The US embassy in Venezuela is effectively closed

The power has been out in much of Venezuela now for days, including at most of the hospitals, and the nation is unquestionably in the midst of a transitional crisis. Protests in the streets are turning into riots on a regular basis and the few places where any food or medical supplies remain available are being openly looted, with no sign of law enforcement to protect those properties in many cases. It’s not a stretch to say that Venezuela is a country in the midst of collapse.

With that as the backdrop, it’s perhaps not all that surprising to learn that the last of the American diplomatic presence is being withdrawn from the embassy in Caracas. The announcement came from the Vice President last night. (NPR)

Amid continuing unrest in Venezuela, the United States plans to remove all diplomatic personnel from the U.S. Embassy in Caracas, Secretary of State Mike Pompeo announced on Twitter late Monday.

“The U.S. will withdraw all remaining personnel from [the U.S. Embassy in Venezuela] this week,” Pompeo tweeted. “This decision reflects the deteriorating situation in #Venezuela as well as the conclusion that the presence of U.S. diplomatic staff at the embassy has become a constraint on U.S. policy.”

U.S. citizens and government personnel have been advised to avoid areas of demonstrations and large gatherings, which have taken place throughout Venezuela for weeks as President Nicolás Maduro faces pressure from a U.S.-backed coalition to step down.

The interesting part of Pence’s announcement is that keeping our diplomats at the embassy represents “a constraint on U.S. policy.” If the Veep had simply said that the conditions on the ground were no longer safe for our personnel, that would have been more than sufficient. There’s food and running water at our embassy (along with power provided by generators, at least as of a couple of days ago). That makes them a target for potential looting and violence. Spain’s major airline asked for flights to be canceled to Venezuela this week after one of their flight crews was attacked and held at gunpoint. Keeping our people out of harm’s way is a reasonable response.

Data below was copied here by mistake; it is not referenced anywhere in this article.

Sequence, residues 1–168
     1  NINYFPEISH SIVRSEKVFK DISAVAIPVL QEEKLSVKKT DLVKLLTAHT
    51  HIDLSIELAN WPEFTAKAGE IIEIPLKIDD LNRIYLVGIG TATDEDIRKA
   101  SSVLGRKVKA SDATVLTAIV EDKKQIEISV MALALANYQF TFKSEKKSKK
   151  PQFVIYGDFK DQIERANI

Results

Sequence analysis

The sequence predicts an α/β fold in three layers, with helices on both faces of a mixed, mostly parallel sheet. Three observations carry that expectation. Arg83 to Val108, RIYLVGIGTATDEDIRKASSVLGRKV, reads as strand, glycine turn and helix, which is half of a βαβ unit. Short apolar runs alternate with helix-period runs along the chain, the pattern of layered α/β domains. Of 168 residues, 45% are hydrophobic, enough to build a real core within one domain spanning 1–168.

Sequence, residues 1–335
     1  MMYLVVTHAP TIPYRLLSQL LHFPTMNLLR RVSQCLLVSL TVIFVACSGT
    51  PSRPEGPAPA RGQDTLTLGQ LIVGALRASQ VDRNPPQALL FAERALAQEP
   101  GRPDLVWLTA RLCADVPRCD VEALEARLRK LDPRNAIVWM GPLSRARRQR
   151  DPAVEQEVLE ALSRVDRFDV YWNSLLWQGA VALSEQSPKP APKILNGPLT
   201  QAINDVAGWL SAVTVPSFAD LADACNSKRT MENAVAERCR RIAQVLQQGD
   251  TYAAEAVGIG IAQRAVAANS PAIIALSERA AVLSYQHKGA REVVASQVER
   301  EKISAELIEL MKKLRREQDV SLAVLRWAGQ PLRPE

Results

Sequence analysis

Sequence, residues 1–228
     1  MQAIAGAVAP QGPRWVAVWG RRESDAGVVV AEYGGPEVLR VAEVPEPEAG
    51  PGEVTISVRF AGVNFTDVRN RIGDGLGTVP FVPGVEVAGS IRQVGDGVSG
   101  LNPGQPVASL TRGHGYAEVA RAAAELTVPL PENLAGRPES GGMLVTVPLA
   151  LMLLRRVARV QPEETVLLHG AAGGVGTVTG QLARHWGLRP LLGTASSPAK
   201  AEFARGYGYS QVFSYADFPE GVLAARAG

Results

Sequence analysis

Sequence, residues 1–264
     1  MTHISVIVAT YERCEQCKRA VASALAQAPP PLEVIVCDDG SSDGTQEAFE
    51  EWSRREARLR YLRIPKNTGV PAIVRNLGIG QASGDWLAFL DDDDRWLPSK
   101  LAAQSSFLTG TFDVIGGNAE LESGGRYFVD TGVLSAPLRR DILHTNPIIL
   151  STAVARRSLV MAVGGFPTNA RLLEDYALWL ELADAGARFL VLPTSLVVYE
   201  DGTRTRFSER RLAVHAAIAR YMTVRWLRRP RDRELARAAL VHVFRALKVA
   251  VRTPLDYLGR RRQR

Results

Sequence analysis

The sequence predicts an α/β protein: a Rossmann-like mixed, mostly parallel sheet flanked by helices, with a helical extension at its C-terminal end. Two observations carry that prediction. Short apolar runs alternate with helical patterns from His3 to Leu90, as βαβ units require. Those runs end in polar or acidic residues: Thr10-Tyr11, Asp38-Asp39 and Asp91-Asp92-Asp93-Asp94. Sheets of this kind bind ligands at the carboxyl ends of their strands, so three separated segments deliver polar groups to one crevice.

But it’s a different matter to say that their presence is constraining our policy. That seems to imply that we would be taking stronger measures against Maduro were it not for fears that he might respond by arresting our diplomats and sparking another hostage crisis. We already imposed new sanctions on Maduro and some of his associates just this past week. Aside from the failed efforts to get more food and medical aid over the bridge from Colombia, what else is there left to do?

Are we seriously considering some sort of military intervention in support of Juan Guaido? Whether it was a direct incursion by US troops or support for the Colombian military that’s been staging near the border, either seems like a terrible decision. This is a problem for the citizens (and hopefully the military) of Venezuela to solve, and if they’re going to get any outside muscle to help them, it should come from their South American neighbors. I suppose I’d be okay with some emergency funding or even weapons shipments to the Colombians if they need the help, but putting our boots on Venezuela’s ground, particularly with the Russians already stationed there, seems extraordinarily unwise.

One other consideration is what will become of all the American ex-pats living there. Without the services of the embassy, they could find themselves in a tight spot as the situation continues to deteriorate. Before considering any military aid, we should probably work on getting them all out of there until this mess is cleaned up.